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So on my second day in Dingle the weather was too rough to do anything at sea which is where most of the attractions take place (including seeing Fungie the dolphin, sadly).
So what was left to do? The Dingle archaeological tour.
The white tour van picked me up outside of my B&B, and I climbed in with about eight other American tourists. The tour guide was a wizened, news-cap wearing Irishman with a delightful Kerry accent. He had a wry sense of humor, and an incredible knowledge of the peninsula.
First he taught us all about the ogham stones. The notches on the edges of the stones are writing, and not random scratches like my silly self had assumed.
Next we drove up the narrow Slea Head drive, a scenic road that loops around the peninsula. Our guide pointed out the “Famine Fields” that haven't been farmed since the potato famine of the 1840s.
I had read before about the horrors of the famine; things like children who begging from house to house with green stains on their mouth from eating grass and families surviving off of nothing but nettle soup for days. But I didn't know that around 75% of Dingle inhabitants either perished or left. That's truly an unimaginable percentage.
Then our guide pointed out a famine cottage which dated back to the 1840s. Another fun fact – did you know there are 4 million Irish people and 50 million people of Irish descent?
Our guide pointed to various hills and towns as we drove around the peninsula and said, “This hillside went to Smithfield, Massachussetts.” “This village went to the South side of Chicago.” It made me envious that I know so little about my Irish heritage – maybe my ancestors were Dingle residents as well!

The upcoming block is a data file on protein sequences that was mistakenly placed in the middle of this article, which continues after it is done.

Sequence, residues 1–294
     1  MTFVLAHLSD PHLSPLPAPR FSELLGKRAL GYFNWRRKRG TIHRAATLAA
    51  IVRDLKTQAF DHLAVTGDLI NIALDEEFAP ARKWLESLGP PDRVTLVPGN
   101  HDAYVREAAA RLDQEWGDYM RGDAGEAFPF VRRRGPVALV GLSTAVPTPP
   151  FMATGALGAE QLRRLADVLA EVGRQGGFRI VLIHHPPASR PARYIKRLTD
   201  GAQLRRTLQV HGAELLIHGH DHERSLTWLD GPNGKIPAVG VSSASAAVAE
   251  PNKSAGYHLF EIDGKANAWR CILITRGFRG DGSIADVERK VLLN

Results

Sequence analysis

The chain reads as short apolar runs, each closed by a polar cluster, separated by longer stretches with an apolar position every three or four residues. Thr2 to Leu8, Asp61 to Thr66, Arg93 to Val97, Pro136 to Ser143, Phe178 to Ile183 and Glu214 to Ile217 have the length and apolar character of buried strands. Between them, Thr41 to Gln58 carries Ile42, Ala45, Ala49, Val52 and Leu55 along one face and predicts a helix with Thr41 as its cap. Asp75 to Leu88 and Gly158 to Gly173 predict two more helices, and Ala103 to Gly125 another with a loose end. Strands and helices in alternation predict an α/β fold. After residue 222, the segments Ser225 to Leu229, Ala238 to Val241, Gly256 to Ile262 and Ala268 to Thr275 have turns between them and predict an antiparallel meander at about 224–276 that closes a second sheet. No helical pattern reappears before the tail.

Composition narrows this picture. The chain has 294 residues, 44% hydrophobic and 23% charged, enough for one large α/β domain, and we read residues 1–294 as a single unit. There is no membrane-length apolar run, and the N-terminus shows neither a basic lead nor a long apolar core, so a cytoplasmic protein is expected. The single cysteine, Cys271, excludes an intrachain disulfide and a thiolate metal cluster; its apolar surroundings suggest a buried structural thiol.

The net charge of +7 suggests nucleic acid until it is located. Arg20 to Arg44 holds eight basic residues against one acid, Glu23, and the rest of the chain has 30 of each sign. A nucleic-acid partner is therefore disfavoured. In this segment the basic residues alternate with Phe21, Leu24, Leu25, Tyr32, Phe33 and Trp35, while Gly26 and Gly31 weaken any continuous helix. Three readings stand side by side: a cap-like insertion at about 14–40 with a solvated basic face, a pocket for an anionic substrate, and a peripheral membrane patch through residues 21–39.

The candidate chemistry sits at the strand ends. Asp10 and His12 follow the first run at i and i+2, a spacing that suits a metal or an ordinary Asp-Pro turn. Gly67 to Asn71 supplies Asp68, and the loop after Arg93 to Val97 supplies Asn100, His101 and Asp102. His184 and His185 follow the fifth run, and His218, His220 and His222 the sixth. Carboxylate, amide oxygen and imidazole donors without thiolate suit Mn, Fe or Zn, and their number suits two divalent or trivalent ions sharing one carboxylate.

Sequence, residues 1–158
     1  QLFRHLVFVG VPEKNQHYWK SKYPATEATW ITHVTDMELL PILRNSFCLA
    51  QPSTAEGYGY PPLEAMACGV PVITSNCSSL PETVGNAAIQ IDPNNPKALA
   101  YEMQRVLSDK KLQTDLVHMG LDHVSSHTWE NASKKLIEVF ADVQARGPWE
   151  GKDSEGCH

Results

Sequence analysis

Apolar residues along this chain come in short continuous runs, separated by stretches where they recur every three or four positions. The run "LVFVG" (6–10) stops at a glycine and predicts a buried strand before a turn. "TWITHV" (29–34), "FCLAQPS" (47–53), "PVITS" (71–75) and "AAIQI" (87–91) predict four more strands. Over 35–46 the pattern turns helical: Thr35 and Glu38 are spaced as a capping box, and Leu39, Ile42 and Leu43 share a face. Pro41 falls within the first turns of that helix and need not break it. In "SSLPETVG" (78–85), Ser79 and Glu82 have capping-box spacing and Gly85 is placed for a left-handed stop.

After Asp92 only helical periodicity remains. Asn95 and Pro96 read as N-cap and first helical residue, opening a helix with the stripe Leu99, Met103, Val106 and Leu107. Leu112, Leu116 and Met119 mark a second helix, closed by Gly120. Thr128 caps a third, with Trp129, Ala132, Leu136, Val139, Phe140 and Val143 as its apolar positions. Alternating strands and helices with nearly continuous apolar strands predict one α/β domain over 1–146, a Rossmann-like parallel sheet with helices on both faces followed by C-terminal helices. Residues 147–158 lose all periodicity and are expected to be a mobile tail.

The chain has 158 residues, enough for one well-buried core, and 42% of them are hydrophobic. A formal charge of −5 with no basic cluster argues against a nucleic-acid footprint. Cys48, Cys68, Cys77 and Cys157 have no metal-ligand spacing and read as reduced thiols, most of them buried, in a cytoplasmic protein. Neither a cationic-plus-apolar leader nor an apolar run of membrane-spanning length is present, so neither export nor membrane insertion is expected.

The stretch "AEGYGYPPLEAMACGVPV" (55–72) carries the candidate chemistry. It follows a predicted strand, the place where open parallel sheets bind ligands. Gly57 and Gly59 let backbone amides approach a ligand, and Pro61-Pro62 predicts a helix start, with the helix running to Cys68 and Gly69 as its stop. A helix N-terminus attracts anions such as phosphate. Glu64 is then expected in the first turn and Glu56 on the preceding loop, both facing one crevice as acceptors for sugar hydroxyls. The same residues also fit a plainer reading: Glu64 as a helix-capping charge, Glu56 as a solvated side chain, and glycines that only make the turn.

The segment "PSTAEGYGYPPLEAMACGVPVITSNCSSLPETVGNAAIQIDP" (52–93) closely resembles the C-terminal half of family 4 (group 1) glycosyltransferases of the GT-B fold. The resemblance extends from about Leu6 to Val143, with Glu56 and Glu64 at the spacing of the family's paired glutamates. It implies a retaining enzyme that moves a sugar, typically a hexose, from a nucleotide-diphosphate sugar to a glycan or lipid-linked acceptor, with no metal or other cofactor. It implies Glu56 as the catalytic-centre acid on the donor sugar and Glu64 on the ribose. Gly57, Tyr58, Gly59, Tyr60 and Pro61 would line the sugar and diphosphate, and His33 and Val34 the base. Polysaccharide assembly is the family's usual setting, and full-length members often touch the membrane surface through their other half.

On a lighter note, I took a few shots of some of the Dingle wildlife I saw…
Dingle is certainly as beautiful as they say; I loved watching the powerful surf break against the shore.
We also learned that the Spanish armada crashed here in 1588. One girl I met from Dingle claimed to be of “black Irish” descent, meaning her partial Spanish heritage accounts for her dark features. (She actually had blond hair and pale, freckled skin so I don't know how much water the “black Irish” myth holds.) It's an interesting theory nonetheless.
Our last stop was the Gallarus Oratory, a dry-stone church dating from around the year 800. It was built without mortar, and incredibly enough it’s still dry inside after more than 1200 years. As well as very dark.
Though I was unsure if I would like the tour, it turned out to be fantastic! I enjoyed seeing the famine cottage and learning about the history of the peninsula from a local's perspective. And standing over the heather-covered cliffs was a travel moment I won't forget.